For tacos, I serve empty shells with bowls of shredded lettuce, chopped tomato, ground meat, guacamole, sauce and so on.Let people fill their own shells. A person could go extra heavy on the lettuce and tomato, light on the meat, avocado, sour cream, cheese, etc.

    I once read that the four most fattening foods are beef, nuts, cheese, and avocados. The taco reipes I'm familiar with have three of those four, with sour cream thrown in to boot, so I try to put out a huge bowl of lettuce and lots of tomato, then I stint on the rich stuff for myself.

    I haven't a clue what you can do about enchiladas. I usually add chopped spinach to mine before I bake them--but probably your husband wouldn't tolerate that. I guess if I were in your posibion I would serve myself a half portion, then mix it with cooked spinach served in a separate bowl at the table.
  • miriamwithcats
    miriamwithcats Posts: 1,120 Member
    Oh, I do want to mention, there is such a thing as a super-taster. These people taste everything more intensely, so they will only want bland foods. Vegetables are often too bitter for them. And fruit too sweet. BUT, they won't eat spicy, so anyone who does is not a super-taster.
  • mzjessicaxo
    mzjessicaxo Posts: 330 Member
    Sounds just like my lovely boyfriend! His trips to mcdonalds as well, the worst part is HE"S TINY! He loses weight all the time without trying... on his beer and whatever he feels like diet.
  • hesn92
    hesn92 Posts: 5,967 Member
    Oh, I do want to mention, there is such a thing as a super-taster. These people taste everything more intensely, so they will only want bland foods. Vegetables are often too bitter for them. And fruit too sweet. BUT, they won't eat spicy, so anyone who does is not a super-taster.

    Interesting. Little kids are usually like that. My 5 year old wont eat hardly anything. Pepperoni is even too spicy for him.
  • Sabine_Stroehm
    Sabine_Stroehm Posts: 19,263 Member
    Oh, I do want to mention, there is such a thing as a super-taster. These people taste everything more intensely, so they will only want bland foods. Vegetables are often too bitter for them. And fruit too sweet. BUT, they won't eat spicy, so anyone who does is not a super-taster.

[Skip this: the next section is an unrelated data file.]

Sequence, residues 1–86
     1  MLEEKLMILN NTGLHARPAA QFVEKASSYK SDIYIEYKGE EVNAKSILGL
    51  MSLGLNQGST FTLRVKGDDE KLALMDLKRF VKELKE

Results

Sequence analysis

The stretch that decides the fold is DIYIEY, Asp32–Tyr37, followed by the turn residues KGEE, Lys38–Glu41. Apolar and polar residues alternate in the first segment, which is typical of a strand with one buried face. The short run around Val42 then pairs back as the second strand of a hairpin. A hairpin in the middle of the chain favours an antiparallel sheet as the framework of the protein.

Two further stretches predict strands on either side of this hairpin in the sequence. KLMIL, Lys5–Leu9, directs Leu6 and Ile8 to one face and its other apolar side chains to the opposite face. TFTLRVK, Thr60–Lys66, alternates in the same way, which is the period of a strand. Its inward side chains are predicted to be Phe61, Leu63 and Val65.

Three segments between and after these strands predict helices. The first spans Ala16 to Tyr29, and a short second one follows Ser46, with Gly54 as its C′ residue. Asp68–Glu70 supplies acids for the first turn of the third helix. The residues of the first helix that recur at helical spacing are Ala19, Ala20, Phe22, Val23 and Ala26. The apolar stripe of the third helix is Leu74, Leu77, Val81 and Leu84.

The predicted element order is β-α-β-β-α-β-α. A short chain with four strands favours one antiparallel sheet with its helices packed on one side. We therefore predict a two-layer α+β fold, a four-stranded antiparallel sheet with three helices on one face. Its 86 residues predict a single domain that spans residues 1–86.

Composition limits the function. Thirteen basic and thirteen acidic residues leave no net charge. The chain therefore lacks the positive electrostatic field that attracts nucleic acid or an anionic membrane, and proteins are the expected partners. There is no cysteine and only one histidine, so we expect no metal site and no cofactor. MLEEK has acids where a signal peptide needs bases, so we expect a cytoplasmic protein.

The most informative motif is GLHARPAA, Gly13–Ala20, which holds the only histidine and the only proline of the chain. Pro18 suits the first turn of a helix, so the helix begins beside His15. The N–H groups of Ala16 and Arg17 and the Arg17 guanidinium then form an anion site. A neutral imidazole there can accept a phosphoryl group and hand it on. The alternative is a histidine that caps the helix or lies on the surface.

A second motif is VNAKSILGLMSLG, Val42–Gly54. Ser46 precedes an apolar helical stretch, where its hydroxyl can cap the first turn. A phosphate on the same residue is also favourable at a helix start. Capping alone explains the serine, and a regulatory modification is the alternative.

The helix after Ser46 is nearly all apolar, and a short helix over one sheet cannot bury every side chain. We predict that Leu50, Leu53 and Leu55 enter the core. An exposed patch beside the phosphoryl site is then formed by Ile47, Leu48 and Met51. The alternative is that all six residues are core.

But this guy lives on tacos and sloppy joes.
  • bugaha1
    bugaha1 Posts: 602 Member
    does he ever poop?


    lol
  • 55tolose
    55tolose Posts: 510 Member
    ya we make an orange chicken sauce from scratch that we came up with together (after about 3 years of trying to get him to taste orange chicken lol) and it includes red pepper flakes and he likes to add extra to make it more spicey
  • ajourney2beme
    ajourney2beme Posts: 181 Member
    I divorced the man who insisted on a limited list like this. Not because of his limited tastes, but because the rest of us (three sons) suffered if anything didn't go his way- even at work. But I know how frustrating it is. You have my sympathy. IF YOU CAN, let him fix his own meals. I was able to do this by feeding my kids early and getting them bathed and ready for bed before he came home in the winter, but during the summer they would want to be outside long in to the evening so it didn't work then. For a long time it was hard to get my kids to eat healthier things, too. But as young adults they do a bit better, sometimes.

    I'm sorry you went through whatever you went through with your husband, but you contradicted yourself with that first sentence. You clearly didn't divorce your husband because of a 'limited list of food' he would eat, and it seems a little strange you would condone doing that (when you then said you didn't) to the OP as an okay choice. I do agree if letting him fix his own meals is a choice then let him do it, but only the OP can really know how well her husband would take that kind of thing.
  • ajourney2beme